The Elephant is Out of the Room

Singapore, Singapore

November 21 – 25, 2011

Who let the elephants out? It seemed that a herd of pachyderms with body art had stampeded all over Singapore – on the sidewalk, at the park, in malls and museums – and had petrified in place. My family and I were delighted to see so many “ele-friends” during our five-day stay in the city.

My sister playing tug-of-trunk with Timeless Chic by Asawin Saeto

The ubiquitous elephant sculptures were, in fact, participating artworks in the two-month Elephant Parade, a touring art exhibition aimed at raising public awareness about the conservation of the endangered Asian elephant. The exhibition was inspired by Mosha, a baby elephant who had lost a leg to a landmine blast. I had heard of her story on Animal Planet years before. Catching this exhibition on its first Asian stop was the next best thing to visiting Mosha in Chiangmai, Thailand.

Artists from around the world were commissioned to render the plight of these gentle giants in their unique ways. The result was a motley menagerie of 162 pachyderm sculptures adorning their host city. We could not see all the exhibition entries, but here are some of the memorable ones we encountered:

Not Forgotten by Michael Han & Kiat

Not Forgotten by Michael Han & Kiat

Sharing the front lawn of Asian Civilizations Museum with Timeless Chic, this sculpture was an understated but no less compelling icon. The monochromatic theme emphasized the lone tear collecting in and falling from its eye, depicting the desperate cry of an orphaned baby elephant for protection against poaching and habitat loss.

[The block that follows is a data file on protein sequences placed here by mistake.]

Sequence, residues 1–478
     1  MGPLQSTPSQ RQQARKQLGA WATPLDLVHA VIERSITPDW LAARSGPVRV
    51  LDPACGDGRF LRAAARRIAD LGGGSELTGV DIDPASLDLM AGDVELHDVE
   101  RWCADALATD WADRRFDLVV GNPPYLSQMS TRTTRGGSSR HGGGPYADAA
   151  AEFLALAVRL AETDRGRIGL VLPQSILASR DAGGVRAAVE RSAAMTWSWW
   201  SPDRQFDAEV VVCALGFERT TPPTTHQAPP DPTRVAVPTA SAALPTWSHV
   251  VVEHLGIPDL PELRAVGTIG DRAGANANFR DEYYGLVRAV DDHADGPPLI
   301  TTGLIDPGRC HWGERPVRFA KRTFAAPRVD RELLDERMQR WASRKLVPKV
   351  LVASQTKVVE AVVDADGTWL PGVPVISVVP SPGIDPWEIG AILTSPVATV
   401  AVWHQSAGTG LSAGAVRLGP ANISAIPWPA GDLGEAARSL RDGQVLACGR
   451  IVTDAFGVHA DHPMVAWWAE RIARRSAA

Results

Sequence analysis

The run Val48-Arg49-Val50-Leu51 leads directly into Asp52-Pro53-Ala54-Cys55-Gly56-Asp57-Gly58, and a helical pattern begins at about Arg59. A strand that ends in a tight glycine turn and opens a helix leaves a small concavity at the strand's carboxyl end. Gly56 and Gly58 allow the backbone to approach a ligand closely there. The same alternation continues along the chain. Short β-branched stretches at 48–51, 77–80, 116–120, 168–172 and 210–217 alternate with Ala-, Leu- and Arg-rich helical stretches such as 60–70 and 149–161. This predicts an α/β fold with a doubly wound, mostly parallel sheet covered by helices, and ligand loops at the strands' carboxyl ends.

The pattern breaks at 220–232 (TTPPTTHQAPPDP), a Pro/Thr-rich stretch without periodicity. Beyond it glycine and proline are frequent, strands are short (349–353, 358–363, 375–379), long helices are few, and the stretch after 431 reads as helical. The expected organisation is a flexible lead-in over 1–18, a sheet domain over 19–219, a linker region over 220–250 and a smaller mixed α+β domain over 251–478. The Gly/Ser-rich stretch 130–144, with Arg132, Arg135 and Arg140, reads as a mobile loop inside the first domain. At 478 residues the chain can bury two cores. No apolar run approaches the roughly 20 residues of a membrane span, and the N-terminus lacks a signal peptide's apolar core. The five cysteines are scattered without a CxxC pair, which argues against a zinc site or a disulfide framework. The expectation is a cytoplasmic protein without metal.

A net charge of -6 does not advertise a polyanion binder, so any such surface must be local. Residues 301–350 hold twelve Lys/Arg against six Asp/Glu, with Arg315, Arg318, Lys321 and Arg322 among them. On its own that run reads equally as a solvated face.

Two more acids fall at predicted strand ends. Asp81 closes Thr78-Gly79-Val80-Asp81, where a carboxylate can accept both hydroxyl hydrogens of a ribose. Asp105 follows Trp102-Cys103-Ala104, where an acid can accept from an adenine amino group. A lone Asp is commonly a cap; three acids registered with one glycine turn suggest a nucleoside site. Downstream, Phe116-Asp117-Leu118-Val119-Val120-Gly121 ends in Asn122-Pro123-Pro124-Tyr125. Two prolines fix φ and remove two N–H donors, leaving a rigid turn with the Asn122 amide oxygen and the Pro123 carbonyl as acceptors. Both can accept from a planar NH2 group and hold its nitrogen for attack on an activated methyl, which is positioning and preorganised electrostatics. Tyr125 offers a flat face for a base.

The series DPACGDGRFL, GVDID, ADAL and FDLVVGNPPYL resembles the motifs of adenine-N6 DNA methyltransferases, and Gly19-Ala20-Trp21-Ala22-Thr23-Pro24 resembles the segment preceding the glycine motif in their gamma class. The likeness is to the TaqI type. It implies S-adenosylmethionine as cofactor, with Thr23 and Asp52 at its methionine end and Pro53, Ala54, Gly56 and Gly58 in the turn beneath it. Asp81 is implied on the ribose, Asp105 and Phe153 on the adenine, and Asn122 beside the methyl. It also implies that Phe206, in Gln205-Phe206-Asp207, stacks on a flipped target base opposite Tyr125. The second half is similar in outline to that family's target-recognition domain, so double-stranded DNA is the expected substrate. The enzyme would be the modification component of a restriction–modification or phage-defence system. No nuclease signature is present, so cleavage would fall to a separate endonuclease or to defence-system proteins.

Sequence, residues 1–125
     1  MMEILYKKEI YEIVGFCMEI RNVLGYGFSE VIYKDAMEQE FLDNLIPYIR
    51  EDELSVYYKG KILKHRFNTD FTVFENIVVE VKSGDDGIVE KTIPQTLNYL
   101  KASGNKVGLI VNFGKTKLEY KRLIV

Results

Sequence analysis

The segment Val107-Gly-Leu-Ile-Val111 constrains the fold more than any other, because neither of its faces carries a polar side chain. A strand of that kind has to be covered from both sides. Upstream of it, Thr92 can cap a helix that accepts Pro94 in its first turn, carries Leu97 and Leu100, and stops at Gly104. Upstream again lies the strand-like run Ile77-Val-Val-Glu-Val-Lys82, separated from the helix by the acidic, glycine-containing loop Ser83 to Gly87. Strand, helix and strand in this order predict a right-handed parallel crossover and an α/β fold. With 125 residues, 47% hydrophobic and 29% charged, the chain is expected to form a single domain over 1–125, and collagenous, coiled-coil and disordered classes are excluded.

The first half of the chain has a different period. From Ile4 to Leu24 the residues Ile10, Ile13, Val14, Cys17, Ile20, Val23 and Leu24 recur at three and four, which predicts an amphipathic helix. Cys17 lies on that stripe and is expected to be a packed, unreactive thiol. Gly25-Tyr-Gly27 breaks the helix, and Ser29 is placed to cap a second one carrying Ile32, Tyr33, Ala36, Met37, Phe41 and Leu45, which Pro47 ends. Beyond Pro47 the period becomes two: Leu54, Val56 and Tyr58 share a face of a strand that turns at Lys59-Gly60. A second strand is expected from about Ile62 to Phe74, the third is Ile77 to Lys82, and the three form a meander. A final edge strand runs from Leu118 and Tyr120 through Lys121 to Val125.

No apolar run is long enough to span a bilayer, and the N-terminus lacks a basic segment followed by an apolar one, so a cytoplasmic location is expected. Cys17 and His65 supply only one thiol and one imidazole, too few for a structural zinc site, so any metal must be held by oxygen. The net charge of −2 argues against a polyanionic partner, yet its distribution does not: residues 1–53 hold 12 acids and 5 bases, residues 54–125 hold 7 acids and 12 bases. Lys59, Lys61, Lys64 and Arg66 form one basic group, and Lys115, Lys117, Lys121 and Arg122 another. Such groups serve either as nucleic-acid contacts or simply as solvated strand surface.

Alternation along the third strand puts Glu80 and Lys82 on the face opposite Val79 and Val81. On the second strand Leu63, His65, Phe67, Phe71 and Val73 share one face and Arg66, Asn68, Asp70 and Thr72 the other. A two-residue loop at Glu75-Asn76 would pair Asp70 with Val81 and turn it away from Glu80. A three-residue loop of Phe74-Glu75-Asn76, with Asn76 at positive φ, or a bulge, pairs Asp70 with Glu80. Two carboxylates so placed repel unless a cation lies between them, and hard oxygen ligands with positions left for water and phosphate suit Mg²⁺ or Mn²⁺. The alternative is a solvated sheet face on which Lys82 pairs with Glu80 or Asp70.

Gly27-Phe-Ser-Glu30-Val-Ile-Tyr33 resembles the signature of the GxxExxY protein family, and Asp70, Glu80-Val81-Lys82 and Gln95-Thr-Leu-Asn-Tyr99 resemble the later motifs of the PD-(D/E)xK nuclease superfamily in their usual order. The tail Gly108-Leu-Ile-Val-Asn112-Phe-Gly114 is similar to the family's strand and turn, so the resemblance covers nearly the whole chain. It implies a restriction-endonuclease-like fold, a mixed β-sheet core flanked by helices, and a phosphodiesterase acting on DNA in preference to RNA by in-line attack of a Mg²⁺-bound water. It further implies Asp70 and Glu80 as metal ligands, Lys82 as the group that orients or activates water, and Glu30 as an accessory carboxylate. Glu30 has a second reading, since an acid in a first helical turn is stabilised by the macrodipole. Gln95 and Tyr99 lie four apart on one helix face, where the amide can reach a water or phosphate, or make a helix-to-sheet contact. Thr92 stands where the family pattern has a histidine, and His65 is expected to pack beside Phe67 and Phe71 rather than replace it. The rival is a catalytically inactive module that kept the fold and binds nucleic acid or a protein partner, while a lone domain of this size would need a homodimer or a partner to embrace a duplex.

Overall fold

Ming Kwan Nakorn Ping by Jharatpong

Ming Kwan Nakorn Ping by Jharatpong

This glittering elephant sculpture by a Thai artist greeted us at the museum lobby. Looking regal and bejeweled, it was densely decked out in Eastern art, symbolizing the elephant’s sacred place in Buddhism and Hinduism.

Translated Vase Baby Elephant by Yeesookyung

Translated Vase Baby Elephant by Yeesookyung

A Korean artist assembled her elephant from discarded ceramic fragments made to fit together like puzzle pieces. She sealed the spaces with gold. The resulting artwork bespoke of the fragmentation of the elephant’s habitat – the disruption of their migration routes and food supply – by urban development and agricultural cultivation, and our responsibility in healing the land we had ravaged.

Triumph of Unity by Sona Mirzaei & Per Hillo

Triumph of Unity by Sona Mirzaei & Per Hillo